Can't make it through your entire strawberry stash before it starts to grow mold? Smith-Chapman says you can freeze them instead. "Wash and dry them as directed above, and place the container in the freezer. Once frozen, you can move them into another bag to store. I have a bag of frozen fruit in my freezer that is my 'smoothie bag' that I continuously add fruit to," she says.

Pro tip: Smith-Chapman keeps the stems on (goodbye, food waste). "The tops of strawberries are edible, so I don’t remove them before freezing and add the whole fruit to a smoothie," she says. Berry smart!

Pro tip: Smith-Chapman keeps the stems on (goodbye, food waste). "The tops of strawberries are edible, so I don’t remove them before freezing and add the whole fruit to a smoothie," she says.

Why cleaning strawberries is key

Each year, the Environmental Working Group (EWG) releases a list of the 12 fruits and vegetables with the highest levels of pesticide residue based on samples collected by the U.S. Department of Agriculture (USDA) and the FDA. And in 2024—and seven-plus years prior—the "dirtiest" of the dozen is none other than the beloved strawberry. To be clear, this doesn't imply that you should avoid consuming strawberries by any means. On the contrary, simply knowing how to wash strawberries correctly is more than enough.

Given the ubiquity of strawberries in the United States—the University of Illinois estimates that around 94 percent of American households consume strawberries, and the average American eats about eight pounds of fresh strawberries a year—it’s hard to imagine that they've been found to contain more pesticide residue than any other form of produce. But this reality is due in part to the way that strawberries are grown.

Unlike most fruits that grow on vines or from trees, strawberries grow directly in soil, which contains its own pesticides and fertilizers. In addition, many fruits that have been found to contain fewer pesticide residue, like bananas and oranges, have a peel—aka nature's built-in "packaging"—that helps protect their edible insides from the effects of contamination. Strawberries don't have such a luxury. Finally, strawberries are popular among pests and other animals (we get it), which makes some farmers a *bit* trigger happy when it comes to spraying down the fruit.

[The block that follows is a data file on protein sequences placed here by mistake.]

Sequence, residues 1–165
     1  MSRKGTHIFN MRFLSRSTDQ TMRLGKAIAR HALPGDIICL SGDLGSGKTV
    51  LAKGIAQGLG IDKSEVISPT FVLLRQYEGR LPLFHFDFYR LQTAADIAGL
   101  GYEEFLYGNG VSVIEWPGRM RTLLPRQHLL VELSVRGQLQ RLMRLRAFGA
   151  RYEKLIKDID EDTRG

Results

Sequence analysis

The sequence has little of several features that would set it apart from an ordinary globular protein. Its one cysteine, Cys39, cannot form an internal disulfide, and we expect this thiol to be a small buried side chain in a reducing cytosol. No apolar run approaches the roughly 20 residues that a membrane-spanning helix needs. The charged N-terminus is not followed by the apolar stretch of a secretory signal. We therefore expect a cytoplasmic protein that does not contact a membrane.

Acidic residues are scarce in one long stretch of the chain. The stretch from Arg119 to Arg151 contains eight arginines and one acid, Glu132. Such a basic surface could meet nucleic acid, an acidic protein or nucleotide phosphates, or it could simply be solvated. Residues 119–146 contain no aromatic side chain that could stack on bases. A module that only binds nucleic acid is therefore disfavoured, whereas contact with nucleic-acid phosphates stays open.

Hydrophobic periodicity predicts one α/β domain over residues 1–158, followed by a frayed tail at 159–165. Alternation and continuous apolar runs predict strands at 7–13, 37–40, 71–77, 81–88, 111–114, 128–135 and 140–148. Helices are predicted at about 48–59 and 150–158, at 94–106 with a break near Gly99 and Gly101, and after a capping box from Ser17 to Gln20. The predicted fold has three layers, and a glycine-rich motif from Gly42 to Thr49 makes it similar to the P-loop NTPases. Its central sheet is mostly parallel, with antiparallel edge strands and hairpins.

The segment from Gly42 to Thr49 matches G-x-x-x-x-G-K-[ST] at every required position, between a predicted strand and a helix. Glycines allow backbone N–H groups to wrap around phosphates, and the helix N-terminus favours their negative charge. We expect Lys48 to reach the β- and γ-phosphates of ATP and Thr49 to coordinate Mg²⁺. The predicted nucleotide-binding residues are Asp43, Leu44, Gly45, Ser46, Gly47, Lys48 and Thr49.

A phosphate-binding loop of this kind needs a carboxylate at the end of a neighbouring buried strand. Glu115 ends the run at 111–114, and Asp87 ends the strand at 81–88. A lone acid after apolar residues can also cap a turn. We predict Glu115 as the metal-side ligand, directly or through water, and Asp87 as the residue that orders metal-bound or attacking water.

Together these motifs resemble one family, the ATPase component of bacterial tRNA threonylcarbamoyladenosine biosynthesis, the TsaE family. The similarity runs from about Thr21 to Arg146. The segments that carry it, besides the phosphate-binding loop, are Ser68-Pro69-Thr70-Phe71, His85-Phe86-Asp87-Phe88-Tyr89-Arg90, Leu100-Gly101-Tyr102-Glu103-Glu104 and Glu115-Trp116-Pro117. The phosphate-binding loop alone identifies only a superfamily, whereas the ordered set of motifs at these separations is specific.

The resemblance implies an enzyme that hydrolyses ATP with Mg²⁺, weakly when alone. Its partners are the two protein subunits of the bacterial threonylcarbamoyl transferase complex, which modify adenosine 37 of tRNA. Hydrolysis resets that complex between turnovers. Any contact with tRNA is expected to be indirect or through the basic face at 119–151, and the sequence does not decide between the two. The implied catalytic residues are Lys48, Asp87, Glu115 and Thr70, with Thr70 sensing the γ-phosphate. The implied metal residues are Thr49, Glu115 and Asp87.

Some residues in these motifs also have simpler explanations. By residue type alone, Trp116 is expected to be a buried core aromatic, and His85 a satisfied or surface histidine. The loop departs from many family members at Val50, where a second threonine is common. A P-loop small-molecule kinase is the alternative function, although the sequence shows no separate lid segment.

All of the above is nothing to lose sleep over, but underscores the importance of rinsing your ruby reds. To reiterate, you should absolutely continue to relish strawberries in every form (alongside all of the other fruits and vegetables that rank high on the "Dirty Dozen" list). But learning how to wash strawberries with the guidance of experts can potentially help spare you some concern.

Why the 'Dirty Dozen' should *not* be cause for too much concern

BTW, if you took a longer look at the Dirty Dozen list and found yourself wondering whether you should just cancel strawberry season entirely to avoid pesticide potential, we're here to talk you down. While pesticides are certainly not meant to be ingested, the good news is that a solid cleaning session does a great job of washing these chemicals off your fresh produce. So don’t fret or stop eating fresh fruits and vegetables—just make sure that you’re following the protocol above before eating or using them.

If you’re looking for another way to reduce the number of pesticides in your diet, buying organic could also help. The USDA only allows produce to be classified as organic if it’s been verified to be grown in soil without any “prohibited substances” (like synthetic fertilizers and pesticides) for three years before harvest. That said, given how easy it is to clean strawberries, if you find the price of organic produce prohibitive, there’s no need to panic. Just learn how to wash produce like a pro and give your non-organic fruits and veggies a thorough rinse and you’re good to go.

To find out more about the Dirty Dozen list (and why you shouldn't necessarily skip any of the produce on it), see here: